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Meet the Black Bears of the Great Smoky Mountains

Apr 22, 2020 | History, Nature

The Great Smoky Mountains National Park is home to the black bear, a medium-sized bear that is widely distributed throughout North America. They are omnivores (meaning they eat both plants and animals) that like to live in heavily forested areas but will approach developed areas in search of food. This eventually became a problem for the Park.

A male black bear can weigh up to 550 pounds, with an average of about 250 pounds, although much larger black bears have been recorded. Black bears are dexterous, capable of manipulating jar tops and door handles. They are smart, strong and fast. They have been known to lift rocks weighing up to 325 pounds, and they can run up to 30 miles per hour.

Bear cubsBlack bears do take long winter sleeps. Black bears in the Smokies exhibit one trait that is unique, which is that they will den in standing hollow trees, high above the ground. During these long winter sleeps, female bears will give birth to cubs, which arriving weighing only 8 ounces!

American Black BearWildlife biologist Bill Stiver described black bears as “the symbol of the Smokies.” If you walk around Gatlinburg and visit some of the souvenir shops, you will see that this is definitely true, as t-shirts and other items featuring images of black bears will be found in every one (along with Sasquatch). Everyone who visits the Great Smoky Mountains hopes to see one…but not too close!

The current black bear population in the Smoky Mountains is estimated at more than 1,500, which is the largest recorded since that information started being tracked. The increase in population has occurred through excellent wildlife management on the part of Park staff, law enforcement and education.

The way Park rangers deal with bears has shifted over the years. A proactive approach to managing bears has resulted in far fewer “nuisance bears” (approaching humans looking for food). As rules were established and Park visitors were educated, it became less common for unclean campsites or trash to attract bears.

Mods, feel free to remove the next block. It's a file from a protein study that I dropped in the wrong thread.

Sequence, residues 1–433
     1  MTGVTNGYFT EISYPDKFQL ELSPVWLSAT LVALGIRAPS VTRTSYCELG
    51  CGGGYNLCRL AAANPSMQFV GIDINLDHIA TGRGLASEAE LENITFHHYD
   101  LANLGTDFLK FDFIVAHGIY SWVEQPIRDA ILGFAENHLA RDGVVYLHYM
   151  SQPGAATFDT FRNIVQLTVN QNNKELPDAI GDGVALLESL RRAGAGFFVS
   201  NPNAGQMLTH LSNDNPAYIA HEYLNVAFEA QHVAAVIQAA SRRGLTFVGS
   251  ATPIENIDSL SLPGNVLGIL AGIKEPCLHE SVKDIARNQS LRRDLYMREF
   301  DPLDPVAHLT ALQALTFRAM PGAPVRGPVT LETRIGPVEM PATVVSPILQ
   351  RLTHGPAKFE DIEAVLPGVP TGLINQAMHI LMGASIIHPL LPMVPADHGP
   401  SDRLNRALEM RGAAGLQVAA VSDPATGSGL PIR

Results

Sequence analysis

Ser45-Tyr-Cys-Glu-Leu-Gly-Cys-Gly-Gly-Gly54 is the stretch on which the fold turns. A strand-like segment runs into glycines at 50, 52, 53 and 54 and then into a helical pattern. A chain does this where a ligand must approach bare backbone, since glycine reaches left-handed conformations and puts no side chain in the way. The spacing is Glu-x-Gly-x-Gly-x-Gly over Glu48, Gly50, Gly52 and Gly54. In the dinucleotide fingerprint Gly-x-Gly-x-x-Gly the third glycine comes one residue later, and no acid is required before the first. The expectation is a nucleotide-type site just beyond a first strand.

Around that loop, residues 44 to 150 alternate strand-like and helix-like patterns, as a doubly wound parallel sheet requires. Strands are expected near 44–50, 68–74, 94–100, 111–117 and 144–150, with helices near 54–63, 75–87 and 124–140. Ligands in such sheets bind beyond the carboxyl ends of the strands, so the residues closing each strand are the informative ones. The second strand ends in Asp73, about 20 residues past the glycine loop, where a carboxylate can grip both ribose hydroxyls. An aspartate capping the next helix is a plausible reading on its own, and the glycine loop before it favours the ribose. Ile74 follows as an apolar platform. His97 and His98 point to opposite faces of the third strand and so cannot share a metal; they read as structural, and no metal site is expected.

In 1991, a new set of rules was established at the Chimneys Picnic Area of the Park. These included:

  • Enforcing a strict evening closing time
  • Shifting maintenance to evening hours to clean up trash and debris
  • Installing bear-proof trash containers
  • A new education program for visitors


Since the above rules were established, Park officials have reported tremendous improvements in the number of nuisance bears that have to be dealt with or relocated. Officials do everything they can to avoid putting a bear down. However, once a bear becomes dangerous, determined by its aggressiveness in invading human space, it can be put to sleep as a last resort.

The city of Gatlinburg has a full-time employee whose job it is prevent bears from entering the city. This employee is a Tennessee Wildlife Resources Agency (TWRA) officer whose salary is split between the city of Gatlinburg and the TWRA. This person makes sure that all local ordinances intended to keep bears out of Gatlinburg are followed. For example, animal resistant garbage containers are required to be used inside the city to minimize the attraction of bears.

If you visit the Smokies, please do not attempt to attract black bears. If you see one, do not approach it. If you camp, keep your campground clean. Leave no trash that will attract bears. If you are approached by a bear, back away slowly, and yell and make noises to scare it away.

The black bears of the Smokies are wonderful creatures that must be protected. We all need to do our part by following the rules discussed above. As long as we are careful and thoughtful, humans and black bears can get along just fine in the Great Smoky Mountains.

Black bear